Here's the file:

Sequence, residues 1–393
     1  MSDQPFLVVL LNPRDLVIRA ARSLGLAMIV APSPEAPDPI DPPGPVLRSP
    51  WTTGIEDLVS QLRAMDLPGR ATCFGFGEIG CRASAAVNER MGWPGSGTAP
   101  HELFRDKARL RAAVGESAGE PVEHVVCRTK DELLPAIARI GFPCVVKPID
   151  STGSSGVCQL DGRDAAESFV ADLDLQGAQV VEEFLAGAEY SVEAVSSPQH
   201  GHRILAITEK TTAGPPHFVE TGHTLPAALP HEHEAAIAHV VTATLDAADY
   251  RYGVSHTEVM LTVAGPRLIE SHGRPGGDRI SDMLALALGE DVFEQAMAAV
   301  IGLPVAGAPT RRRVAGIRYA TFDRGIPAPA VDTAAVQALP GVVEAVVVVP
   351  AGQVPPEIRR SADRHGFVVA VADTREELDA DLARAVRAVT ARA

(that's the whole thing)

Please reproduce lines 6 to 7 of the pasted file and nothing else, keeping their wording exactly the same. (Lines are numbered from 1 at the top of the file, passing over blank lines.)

   201  GHRILAITEK TTAGPPHFVE TGHTLPAALP HEHEAAIAHV VTATLDAADY
   251  RYGVSHTEVM LTVAGPRLIE SHGRPGGDRI SDMLALALGE DVFEQAMAAV